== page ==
Boombotix Sync: Wireless Music Synced Across Any Phone & Any Bluetooth-Enabled Speaker Set (@boombotix)

With all of the advancement in music access & portability that’s been driven by mobile over the last few years, there’s still been a pretty significant hurdle, at least at scale: how to broadcast music from a central location simultaneously across a wide variety of not just smartphones but through the litany of stand-alone speaker systems in existence. The team at a company called Boombotix thinks they’ve figured it out with a new app they’ve developed for iOS and are turning to Kickstarter to help fund the Android version.

This is the company’s first foray into software. They started out developing a line of ultra-portable speakers in the vein of devices like the Pill from Beats but quickly found out the lack of options for syncing tracks across networks, whether the music was local or on a streaming service a la Spotify. The app they’ve built allows that to take place seamlessly and will function with any Bluetooth-enabled speaker hardware, not just their own line of speakers. You can use the app in two distinct ways: as the central hub (DJ mode) or as a listener to hook up and listen to another DJ’s stream. Their Kickstarter page brings up a number of interesting use cases besides those summer parties at your buddy’s house: synced tracks for group exercise sessions & bike rides, the ability to share music with your friend without having to split headphones, etc.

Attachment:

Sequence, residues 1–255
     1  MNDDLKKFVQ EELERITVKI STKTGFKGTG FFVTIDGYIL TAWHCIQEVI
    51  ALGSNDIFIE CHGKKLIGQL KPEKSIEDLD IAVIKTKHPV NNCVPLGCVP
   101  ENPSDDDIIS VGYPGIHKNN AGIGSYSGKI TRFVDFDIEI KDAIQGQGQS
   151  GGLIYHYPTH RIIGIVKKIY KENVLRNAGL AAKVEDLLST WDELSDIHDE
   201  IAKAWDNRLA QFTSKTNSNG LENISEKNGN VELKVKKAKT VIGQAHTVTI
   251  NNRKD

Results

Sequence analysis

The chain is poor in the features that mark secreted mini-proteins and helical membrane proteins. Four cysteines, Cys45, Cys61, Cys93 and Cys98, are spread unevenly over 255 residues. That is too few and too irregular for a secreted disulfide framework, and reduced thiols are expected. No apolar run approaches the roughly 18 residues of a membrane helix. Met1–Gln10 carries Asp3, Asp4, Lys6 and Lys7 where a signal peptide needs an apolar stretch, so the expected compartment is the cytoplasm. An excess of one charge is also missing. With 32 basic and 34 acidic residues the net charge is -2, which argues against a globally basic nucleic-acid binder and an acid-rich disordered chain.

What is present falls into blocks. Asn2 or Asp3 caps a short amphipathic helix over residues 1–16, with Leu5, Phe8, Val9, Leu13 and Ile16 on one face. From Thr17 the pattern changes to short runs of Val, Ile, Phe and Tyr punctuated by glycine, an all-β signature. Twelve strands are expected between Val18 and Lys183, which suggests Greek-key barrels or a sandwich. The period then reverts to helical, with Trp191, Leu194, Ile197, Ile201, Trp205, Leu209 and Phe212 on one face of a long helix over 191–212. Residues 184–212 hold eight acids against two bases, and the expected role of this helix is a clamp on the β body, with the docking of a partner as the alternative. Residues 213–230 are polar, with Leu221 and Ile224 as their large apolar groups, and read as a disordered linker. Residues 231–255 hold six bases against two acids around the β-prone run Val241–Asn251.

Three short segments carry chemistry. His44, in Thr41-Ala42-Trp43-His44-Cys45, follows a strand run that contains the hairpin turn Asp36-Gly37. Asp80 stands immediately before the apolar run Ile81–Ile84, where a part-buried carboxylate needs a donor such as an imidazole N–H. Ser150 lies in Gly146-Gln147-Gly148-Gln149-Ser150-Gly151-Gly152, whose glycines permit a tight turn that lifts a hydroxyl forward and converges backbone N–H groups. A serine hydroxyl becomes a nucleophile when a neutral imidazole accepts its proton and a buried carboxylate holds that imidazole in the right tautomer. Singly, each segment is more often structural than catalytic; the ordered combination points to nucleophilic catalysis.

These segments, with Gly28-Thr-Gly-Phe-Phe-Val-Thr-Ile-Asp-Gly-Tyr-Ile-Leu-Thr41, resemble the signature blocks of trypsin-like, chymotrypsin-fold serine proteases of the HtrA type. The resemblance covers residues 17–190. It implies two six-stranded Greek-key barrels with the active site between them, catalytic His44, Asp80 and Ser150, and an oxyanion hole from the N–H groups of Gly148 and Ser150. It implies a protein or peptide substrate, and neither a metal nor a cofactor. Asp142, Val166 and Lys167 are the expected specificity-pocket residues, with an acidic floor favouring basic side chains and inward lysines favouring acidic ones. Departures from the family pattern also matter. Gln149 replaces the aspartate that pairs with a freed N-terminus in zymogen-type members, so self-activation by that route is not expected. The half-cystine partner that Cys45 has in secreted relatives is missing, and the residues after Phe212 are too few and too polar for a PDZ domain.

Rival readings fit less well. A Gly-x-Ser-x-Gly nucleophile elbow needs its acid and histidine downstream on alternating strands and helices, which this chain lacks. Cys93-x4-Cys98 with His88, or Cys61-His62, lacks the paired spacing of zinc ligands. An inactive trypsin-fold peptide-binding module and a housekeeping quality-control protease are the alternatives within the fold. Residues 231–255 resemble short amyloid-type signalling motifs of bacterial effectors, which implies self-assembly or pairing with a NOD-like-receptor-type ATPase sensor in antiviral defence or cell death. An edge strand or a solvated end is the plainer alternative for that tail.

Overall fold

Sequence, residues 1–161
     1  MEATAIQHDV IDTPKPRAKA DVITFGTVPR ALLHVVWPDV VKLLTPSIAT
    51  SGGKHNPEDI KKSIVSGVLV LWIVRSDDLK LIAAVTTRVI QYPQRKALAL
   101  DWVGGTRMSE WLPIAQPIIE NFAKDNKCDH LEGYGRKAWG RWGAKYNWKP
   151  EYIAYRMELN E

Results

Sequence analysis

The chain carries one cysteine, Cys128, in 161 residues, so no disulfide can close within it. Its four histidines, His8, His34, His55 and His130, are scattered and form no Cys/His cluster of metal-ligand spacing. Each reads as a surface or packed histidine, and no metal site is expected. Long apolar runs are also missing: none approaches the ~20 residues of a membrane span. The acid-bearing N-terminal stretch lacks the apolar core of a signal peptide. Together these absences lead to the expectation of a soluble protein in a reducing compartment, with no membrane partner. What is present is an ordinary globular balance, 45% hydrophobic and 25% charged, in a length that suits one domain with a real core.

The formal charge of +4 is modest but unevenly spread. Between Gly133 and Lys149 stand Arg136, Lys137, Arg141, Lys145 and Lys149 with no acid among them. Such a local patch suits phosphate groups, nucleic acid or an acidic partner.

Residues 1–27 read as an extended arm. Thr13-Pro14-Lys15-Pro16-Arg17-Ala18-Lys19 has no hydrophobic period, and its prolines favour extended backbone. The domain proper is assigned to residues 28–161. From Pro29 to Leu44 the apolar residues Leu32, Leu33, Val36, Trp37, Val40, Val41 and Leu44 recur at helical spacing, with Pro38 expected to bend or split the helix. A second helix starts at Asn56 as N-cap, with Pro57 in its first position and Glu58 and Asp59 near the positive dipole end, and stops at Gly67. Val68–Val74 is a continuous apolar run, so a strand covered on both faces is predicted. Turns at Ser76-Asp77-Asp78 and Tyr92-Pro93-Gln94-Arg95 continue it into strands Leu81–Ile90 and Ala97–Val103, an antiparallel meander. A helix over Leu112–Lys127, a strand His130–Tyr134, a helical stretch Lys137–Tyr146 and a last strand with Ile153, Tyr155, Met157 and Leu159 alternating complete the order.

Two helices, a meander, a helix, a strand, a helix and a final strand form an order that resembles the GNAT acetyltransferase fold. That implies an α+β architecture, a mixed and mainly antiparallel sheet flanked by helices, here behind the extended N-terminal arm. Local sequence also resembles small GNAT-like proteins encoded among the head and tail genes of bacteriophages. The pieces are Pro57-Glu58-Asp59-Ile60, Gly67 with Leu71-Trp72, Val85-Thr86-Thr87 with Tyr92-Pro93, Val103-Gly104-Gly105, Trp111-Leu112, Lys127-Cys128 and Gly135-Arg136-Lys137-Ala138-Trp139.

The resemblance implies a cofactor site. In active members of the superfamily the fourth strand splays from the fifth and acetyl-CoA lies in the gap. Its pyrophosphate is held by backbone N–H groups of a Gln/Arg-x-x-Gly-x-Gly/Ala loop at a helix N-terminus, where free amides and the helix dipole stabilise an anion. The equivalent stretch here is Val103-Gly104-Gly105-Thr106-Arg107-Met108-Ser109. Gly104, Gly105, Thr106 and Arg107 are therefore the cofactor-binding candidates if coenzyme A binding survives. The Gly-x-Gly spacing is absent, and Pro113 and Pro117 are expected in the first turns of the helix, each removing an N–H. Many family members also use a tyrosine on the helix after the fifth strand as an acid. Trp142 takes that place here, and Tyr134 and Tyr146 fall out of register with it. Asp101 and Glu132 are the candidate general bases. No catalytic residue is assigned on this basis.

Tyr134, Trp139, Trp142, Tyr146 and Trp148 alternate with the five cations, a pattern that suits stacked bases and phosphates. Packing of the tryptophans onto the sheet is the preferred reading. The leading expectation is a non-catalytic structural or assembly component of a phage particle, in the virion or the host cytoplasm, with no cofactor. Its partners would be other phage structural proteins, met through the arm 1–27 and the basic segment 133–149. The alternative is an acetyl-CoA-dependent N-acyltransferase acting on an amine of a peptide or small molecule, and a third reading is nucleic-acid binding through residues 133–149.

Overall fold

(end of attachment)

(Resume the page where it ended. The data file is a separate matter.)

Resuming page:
As of now, they’re almost to their $15,000 goal to develop an Android app, which I think is really paramount to their success to ensure listening experiences are stable across all platforms. Check them out at their Kickstarter page; they have a few more videos that show the app in action as well as some cool swag for backers.

Electro band Metronomy releases single through stargazing mobile app (@springwise)

Very cool.

Starting at 7pm GMT on 11 November, fans have been able to access the track by downloading iCandi Apps’ Night Sky 2, an app that helps users track the position of stars in the sky. By pointing their smartphone in the direction of the Aquarius constellation, users can hear a stream of the single, which acts as a soundtrack to their stargazing.